As for Alan Frog? Well, Edgar more than once states that he "lost" someone very close to him to the vampire infection. Was it his brother? Was it Sam? Was it both of them? Was it the rest of the original film's cast? I'm not sure, as I have yet to see the deleted sequence featuring Jamison Newlander. I'm saving that for later, when I'm able to wash this taste out of my mouth and clear that palate. There is also a pretty cool weapons featurette featuring Feldman and the new vampire squashing tools he uses throughout the film. All and all, it's a pretty cool package for the price that is to be paid. But, like anyone else invested in this seeming franchise, I am slightly disappointed in what has been handed to me. DTDVD is for the fans. And I hope they realize that next time. Please, just give us a Frog Brothers film. They could go bowling for ninety minutes, or be stuck in a laundry mat, and we'd eat it up like a syrup dripped Monte Cristo sandwich with all the fixings. This much is true.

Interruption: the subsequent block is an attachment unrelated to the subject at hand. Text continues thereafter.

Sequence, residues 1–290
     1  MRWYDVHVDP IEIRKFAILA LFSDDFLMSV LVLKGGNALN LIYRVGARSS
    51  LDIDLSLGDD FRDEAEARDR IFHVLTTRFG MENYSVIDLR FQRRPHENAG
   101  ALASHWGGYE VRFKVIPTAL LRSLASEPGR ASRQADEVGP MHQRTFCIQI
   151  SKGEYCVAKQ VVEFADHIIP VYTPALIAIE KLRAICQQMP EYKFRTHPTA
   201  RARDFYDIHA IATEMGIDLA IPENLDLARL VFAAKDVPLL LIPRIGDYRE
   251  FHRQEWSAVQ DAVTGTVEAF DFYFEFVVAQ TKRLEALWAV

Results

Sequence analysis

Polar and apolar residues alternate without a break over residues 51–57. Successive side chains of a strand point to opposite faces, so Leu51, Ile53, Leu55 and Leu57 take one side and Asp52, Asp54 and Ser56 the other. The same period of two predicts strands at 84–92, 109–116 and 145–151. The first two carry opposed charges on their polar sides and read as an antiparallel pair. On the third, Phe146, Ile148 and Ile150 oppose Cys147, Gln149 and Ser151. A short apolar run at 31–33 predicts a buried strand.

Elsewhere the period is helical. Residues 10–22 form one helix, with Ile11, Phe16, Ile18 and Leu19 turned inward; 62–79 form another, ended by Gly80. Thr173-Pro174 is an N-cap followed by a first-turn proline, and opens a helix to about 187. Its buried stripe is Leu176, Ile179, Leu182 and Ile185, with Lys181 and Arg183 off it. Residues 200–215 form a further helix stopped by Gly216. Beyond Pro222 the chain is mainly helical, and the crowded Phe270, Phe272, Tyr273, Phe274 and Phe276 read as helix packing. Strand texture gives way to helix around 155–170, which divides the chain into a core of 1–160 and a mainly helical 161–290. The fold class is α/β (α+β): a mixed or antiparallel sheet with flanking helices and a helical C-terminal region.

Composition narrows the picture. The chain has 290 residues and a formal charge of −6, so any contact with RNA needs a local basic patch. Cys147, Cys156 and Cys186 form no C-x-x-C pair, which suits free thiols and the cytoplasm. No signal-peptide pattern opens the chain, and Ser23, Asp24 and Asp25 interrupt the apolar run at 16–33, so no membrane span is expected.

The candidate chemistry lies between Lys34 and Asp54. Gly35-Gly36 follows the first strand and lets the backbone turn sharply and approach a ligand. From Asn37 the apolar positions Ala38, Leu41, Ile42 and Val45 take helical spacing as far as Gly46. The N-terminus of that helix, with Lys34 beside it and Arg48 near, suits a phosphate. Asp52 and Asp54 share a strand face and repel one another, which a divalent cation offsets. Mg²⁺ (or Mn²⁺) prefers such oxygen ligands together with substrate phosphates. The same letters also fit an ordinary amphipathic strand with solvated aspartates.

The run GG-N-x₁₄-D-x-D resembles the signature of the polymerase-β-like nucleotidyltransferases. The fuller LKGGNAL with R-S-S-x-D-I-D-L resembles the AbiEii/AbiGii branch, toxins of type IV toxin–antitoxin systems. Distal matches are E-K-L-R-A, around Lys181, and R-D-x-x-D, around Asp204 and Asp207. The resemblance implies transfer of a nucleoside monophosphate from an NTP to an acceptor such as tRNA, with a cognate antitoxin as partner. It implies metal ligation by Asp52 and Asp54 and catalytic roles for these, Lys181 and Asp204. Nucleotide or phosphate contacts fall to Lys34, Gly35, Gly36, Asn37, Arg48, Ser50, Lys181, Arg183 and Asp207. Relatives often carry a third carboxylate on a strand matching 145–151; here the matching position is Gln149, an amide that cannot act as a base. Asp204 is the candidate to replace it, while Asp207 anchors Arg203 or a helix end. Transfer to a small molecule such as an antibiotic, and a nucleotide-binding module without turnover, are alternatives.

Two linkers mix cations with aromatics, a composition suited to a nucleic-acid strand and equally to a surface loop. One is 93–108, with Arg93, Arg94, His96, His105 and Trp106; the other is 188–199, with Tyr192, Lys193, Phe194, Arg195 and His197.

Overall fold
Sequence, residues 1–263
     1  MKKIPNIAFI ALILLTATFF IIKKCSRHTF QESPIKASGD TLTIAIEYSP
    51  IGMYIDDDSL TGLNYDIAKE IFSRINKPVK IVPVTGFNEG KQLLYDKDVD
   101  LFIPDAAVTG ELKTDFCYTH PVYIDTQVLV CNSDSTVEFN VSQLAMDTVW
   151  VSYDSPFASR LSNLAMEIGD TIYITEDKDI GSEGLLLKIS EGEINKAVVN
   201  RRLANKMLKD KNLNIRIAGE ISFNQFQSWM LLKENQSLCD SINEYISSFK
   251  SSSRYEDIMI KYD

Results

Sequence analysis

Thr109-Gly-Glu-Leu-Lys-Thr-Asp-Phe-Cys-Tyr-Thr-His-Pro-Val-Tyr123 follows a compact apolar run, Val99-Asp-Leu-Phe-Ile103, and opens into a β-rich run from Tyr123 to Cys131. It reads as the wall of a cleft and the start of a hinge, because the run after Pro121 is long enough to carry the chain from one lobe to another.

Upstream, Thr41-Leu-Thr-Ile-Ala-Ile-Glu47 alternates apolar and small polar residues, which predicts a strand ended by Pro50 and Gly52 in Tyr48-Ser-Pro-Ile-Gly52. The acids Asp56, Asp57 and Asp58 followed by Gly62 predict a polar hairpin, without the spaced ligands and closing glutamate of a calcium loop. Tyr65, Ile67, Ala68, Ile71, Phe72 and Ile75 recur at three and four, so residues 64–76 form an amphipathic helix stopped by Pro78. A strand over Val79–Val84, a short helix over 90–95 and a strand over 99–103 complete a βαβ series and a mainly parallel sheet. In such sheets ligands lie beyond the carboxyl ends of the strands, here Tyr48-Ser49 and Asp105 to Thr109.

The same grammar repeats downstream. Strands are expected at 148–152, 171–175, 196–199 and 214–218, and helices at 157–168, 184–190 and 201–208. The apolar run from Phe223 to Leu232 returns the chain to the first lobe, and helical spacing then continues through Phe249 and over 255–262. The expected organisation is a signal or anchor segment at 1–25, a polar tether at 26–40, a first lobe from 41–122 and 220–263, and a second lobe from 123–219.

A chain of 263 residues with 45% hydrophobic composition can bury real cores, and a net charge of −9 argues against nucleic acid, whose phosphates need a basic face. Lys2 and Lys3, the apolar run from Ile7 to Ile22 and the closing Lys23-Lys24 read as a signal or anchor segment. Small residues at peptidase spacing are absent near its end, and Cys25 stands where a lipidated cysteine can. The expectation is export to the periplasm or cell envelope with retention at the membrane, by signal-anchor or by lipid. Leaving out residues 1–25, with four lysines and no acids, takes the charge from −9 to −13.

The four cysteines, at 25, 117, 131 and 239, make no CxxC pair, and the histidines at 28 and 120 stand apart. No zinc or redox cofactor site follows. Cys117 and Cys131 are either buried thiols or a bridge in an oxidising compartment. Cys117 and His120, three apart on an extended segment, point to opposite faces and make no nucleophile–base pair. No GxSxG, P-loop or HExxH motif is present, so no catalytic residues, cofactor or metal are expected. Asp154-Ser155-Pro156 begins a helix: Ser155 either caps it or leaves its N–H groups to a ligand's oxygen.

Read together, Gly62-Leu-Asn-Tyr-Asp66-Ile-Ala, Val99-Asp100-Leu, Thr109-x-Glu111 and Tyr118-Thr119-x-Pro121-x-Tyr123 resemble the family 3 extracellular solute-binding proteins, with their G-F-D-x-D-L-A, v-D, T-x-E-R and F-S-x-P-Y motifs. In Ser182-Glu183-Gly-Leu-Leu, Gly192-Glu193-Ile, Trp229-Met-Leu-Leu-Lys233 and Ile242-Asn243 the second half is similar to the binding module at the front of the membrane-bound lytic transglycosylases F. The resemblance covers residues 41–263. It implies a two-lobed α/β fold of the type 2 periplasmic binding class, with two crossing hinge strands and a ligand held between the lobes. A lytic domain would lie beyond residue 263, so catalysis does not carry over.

Lost Boys: The Tribe? It's not the film we've been waiting for all of these years. But if we can kick that notion aside, what we are left with is a fun little thriller that will have you skipping into the midnight hour with glee. And Feldman? He truly rocks this foundation to its knees and gives us a little hope and something to believe in. This is his film. He rules. Enough said.
Buy it! Or be damned! (Note: this review is of the Lost Boys: The Tribe [Uncut] version of the DVD.)
Dont't forget to also check out: Lost Boys: The Tribe